In the midst of all of this, she has interspersed performances of her cabaret act. When she opened at Feinstein’s at the Regency in Manhattan in the spring of 2009, the New York Times music critic wrote that “seasoned performers contemplating making the leap into the cabaret world would do well to study her act.” She did her act again in early 2010 at a club in San Francisco, and then it was back to Feinstein’s for another stint, titled “The Second Time Around.” This past March she did another cabaret evening at NJPAC in Newark and will take a day off from performing “It Shoulda Been You” to do it again for one night only at McCarter, Saturday, October 22.
This maddening pace doesn’t daunt her because, as she explains, she is just following in the tradition of her “family business.” Her father, James Daly (“JB” on Broadway, “Medical Center” on TV), and her mother, actress Hope Newell, met in college and toured in stock together.
“I had seen my parents on the stage from probably when I was three,” says Daly. She and her sister, Pegeen (born after her parents had done an Irish play), would be taken to the theater and handed off to some ushers where “we were supposed to sit and be perfect. Up on stage there were people who looked a little like people I knew, but with different hair and accents. When the play was over, our parents would come back to collect us. That trick of turning my parents into other people and then back again galvanized, mystified, and delighted me. I’ve told this story many times.”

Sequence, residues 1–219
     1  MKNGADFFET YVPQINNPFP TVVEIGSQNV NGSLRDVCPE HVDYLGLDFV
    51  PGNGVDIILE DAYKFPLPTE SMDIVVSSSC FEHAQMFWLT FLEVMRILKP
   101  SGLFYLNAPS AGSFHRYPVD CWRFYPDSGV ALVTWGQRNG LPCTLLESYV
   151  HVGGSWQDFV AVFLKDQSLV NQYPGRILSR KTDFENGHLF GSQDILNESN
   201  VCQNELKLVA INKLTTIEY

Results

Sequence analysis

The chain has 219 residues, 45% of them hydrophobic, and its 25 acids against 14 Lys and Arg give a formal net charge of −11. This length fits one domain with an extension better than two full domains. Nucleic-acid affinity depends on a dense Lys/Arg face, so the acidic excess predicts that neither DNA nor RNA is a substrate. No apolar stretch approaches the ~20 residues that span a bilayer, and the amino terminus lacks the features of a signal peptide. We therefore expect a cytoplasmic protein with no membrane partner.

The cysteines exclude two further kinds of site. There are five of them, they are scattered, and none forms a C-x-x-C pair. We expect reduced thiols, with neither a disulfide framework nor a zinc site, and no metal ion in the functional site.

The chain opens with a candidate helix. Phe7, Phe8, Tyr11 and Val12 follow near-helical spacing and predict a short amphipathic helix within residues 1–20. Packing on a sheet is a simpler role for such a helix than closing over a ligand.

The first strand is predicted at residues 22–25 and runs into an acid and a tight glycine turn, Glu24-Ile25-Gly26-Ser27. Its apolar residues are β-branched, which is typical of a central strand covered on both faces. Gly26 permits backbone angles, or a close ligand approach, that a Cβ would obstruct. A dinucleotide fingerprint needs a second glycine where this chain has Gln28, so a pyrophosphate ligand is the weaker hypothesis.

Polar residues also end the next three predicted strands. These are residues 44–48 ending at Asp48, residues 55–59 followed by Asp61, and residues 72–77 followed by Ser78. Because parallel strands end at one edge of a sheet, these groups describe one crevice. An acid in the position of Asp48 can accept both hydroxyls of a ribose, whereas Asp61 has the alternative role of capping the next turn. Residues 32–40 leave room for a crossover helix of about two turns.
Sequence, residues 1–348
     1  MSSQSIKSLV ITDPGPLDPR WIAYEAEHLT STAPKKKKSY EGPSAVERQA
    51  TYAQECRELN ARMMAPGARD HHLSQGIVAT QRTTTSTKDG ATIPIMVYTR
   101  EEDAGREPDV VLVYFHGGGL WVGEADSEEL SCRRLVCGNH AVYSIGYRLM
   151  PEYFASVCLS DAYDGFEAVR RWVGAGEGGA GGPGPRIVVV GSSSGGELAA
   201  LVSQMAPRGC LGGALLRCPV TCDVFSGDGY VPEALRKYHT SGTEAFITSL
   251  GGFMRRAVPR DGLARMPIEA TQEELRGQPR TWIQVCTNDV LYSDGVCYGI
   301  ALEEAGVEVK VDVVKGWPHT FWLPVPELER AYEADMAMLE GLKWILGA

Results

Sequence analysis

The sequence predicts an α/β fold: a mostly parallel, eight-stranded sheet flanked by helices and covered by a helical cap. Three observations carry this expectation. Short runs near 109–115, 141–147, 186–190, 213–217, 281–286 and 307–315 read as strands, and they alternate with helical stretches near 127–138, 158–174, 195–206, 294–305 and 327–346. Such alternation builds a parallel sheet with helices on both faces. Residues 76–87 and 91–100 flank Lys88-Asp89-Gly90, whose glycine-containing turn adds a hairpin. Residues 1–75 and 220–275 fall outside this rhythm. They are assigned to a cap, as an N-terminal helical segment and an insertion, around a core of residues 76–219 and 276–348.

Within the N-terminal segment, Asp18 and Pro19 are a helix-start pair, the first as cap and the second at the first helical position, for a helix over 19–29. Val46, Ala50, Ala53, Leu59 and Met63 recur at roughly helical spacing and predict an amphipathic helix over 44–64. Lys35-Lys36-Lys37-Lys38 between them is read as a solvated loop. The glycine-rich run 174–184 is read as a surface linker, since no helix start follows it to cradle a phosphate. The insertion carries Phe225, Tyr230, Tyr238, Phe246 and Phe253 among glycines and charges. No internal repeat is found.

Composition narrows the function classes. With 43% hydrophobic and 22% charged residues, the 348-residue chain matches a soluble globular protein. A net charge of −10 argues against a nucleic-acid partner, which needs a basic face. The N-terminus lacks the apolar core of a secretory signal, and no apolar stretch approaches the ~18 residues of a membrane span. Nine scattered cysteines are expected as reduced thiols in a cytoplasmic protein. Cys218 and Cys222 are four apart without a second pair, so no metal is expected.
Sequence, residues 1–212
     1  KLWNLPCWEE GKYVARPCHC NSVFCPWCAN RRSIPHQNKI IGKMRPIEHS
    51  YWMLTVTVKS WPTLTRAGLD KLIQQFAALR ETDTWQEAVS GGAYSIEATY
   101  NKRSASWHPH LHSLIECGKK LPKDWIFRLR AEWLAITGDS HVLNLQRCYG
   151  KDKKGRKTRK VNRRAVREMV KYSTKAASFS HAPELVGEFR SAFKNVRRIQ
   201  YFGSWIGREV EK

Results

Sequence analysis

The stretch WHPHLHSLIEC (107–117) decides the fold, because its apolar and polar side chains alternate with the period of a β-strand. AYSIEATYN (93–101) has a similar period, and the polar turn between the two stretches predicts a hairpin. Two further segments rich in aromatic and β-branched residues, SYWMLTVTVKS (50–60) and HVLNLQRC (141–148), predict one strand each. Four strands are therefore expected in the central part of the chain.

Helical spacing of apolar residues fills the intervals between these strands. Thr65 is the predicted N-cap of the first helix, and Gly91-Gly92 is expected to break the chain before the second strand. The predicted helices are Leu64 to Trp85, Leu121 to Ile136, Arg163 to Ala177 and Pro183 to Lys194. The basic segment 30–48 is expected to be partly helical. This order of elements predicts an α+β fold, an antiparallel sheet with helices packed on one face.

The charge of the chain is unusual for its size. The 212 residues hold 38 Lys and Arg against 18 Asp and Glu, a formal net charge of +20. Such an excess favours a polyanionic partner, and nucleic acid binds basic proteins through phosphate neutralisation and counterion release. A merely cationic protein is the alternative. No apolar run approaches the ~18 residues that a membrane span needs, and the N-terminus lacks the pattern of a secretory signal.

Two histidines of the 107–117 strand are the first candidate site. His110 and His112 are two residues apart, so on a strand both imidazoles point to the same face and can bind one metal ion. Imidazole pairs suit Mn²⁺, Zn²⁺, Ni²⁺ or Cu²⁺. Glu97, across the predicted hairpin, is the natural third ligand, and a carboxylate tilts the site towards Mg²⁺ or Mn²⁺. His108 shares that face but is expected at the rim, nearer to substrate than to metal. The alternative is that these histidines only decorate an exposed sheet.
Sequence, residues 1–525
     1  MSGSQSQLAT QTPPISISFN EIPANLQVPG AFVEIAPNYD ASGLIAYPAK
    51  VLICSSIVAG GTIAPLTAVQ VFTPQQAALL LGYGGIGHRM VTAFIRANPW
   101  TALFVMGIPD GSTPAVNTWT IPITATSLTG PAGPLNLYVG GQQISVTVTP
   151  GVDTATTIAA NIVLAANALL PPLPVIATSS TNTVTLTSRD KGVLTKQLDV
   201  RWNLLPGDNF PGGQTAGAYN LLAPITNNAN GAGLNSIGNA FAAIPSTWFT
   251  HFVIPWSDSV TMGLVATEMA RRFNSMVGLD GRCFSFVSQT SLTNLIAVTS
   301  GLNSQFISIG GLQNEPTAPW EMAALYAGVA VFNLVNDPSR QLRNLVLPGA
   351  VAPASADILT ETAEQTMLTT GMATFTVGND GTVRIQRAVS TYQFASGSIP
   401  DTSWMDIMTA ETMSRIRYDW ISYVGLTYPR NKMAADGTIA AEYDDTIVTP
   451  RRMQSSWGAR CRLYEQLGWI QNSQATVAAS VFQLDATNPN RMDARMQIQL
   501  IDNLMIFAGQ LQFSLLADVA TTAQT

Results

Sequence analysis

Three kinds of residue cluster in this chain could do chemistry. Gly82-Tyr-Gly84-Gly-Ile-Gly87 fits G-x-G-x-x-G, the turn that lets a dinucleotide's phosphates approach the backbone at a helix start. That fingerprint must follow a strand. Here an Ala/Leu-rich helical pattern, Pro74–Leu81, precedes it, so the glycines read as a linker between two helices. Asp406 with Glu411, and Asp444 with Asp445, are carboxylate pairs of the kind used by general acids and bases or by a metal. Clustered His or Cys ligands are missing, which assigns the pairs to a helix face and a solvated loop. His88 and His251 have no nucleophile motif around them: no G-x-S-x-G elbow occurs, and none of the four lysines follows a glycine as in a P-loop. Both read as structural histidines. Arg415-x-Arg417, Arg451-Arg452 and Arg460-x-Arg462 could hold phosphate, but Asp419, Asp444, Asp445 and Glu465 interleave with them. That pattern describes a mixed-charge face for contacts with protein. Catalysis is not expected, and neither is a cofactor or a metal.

During her early years, she saw a lot of theater and was allowed to explore the backstage tricks of the trade and was enchanted. She says she was about eight years old when she thought to herself, “In my secret heart, this is for me.” Her brother, 10 years younger than she, is actor Tim Daly (“Wings,” the voice of the animated “Superman,” and nominated for an Emmy for his role as J.T. Dolan on “The Sopranos”).
Did she ever consider any other “business?” She admits that when she was in ninth grade, she fell in love with her biology teacher. “I thought I’d be a bio chemist. My parents got very excited and got me a microscope. When I fell out of love with my bio teacher, that was the end of my career in science.”
Later, as a young actress in New York, she married actor Georg Stanford Brown, an Afro-Cuban-American actor and director who is probably best known for his role as Officer Terry Webster in the 1970s TV cop series, “The Rookies.” That’s how Daly got to the West Coast. “I thought it was going to be all about the theater, but I got married. And his thing was all about the films, so I followed the man.”